National surveys show that over 56% of adults in England gamble annually, and of those surveyed, 0.5% were problem gamblers, equating to 300,000 problem gamblers at any point. The prevalence of problem gambling in patients with a substance misuse disorder ranges from 20.5% to 55%.
The audit aims to improve the care of patients with comorbid substance misuse and gambling disorder by assessing the extent to which the service currently enquires about and records problem gambling in its patient cohort.
It is hypothesised that as no formal recording process is in place locally, this information will not be recorded systematically and in a way that is easily retrievable by the service.
The audit will allow the service to assess whether changes need to be made to the initial assessment pathways into treatment for substance-related disorders to adequately record this information so that further assessment and onward referral can take place.
All active patients (n = 2824) within the service had both their electronic initial assessments and their entire electronic notes screened for terms such as ‘betting’ and ‘gambling’ and this was recorded using an Excel spreadsheet. Prevalence rates across the teams (opiates, non-opiates and alcohol) were then calculated.
The results showed that 0% of patients had any entries in their initial screening noting any gambling activity. Further scrutiny of the records revealed that only 3.5% (n-99) had ever discussed gambling with a worker in any of the services.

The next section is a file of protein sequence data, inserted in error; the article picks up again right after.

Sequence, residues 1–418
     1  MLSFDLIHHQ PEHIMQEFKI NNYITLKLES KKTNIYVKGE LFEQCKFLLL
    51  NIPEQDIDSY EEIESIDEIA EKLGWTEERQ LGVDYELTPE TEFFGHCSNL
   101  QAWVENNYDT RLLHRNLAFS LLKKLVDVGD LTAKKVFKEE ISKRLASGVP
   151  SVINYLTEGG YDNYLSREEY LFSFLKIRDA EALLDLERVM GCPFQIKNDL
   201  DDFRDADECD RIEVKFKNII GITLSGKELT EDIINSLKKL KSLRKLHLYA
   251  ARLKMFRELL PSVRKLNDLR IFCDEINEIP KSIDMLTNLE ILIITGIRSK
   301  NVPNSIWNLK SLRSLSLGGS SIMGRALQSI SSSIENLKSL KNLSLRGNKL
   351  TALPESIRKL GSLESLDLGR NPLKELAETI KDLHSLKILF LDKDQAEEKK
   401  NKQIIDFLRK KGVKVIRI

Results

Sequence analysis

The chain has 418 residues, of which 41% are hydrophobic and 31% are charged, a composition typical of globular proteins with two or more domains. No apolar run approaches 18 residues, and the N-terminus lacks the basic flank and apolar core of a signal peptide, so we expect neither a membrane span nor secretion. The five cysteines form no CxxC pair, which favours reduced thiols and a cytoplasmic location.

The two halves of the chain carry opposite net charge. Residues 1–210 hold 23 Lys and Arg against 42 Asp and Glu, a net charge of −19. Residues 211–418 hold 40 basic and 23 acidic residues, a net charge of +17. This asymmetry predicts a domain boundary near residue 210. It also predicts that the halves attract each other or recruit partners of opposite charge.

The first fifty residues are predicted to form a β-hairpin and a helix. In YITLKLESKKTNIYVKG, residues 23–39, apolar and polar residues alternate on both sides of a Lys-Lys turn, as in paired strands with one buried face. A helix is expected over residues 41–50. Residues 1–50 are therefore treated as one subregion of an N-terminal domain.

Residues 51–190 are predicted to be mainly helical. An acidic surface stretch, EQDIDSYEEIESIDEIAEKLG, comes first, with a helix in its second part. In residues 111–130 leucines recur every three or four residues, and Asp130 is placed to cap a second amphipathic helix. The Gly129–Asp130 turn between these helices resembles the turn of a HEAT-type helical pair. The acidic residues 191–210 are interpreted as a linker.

The majority (n = 52) of patients who had discussed gambling only had one positive search result, suggesting this was not followed-up in a systematic fashion. Recommendations are to revise the common assessment pro-forma to include a validated brief screening tool (lie/bet), where one positive answer triggers a further assessment with an appropriate clinician for consideration of referral to the local NHS gambling service.
Among low- and middle-income countries (LMICs), bipolar disorder is recognized as one of the leading causes of disease burden for adults and is associated with marked suicide risk. There are limited data on suicidal ideation in bipolar disorder from LMICs. This study presents cross-sectional data on the prevalence of suicidality and associated patient characteristics among patients with bipolar depression in Pakistan, a lower-middle income country and the fifth most populous country in the world.
Participants were recruited through outpatient psychiatric clinics in between 2016–2019 in Karachi, Lahore, Hyderabad and Rawalpindi between 2016–2019. Participants were aged 18 to 65 years with a known diagnosis of bipolar disorder and currently in a depressive episode. Suicidality was assessed using the suicide item of the 17-item Hamilton Depression Rating Scale (HAM-D) and levels of severity were categorized as absent, mild/moderate, or severe. Biometric data and biomarkers were obtained. Descriptive statistics were used to describe prevalence and proportional odds regression models were applied to establish correlates to suicidal ideation.
Among the 266 participants, 67% indicated suicidality of any level and 16% endorsed severe suicidality. Lower body mass index (BMI) (OR = 0.93, 95% CI = 0.88–0.98), higher HAM-D score (OR = 1.29, 95% CI = 1.16–1.43), lower C-reactive protein (CRP) level (OR = 0.53, 95% CI = 0.40–0.70), and increased number of inpatient hospitalizations (OR = 1.16, 95% CI = 1.03–1.31) were identified as significant predictors of suicidality in the fully adjusted regression model. No patient demographic data, including age, gender, marital status, socioeconomic status, and years of education were associated with severity of suicidality.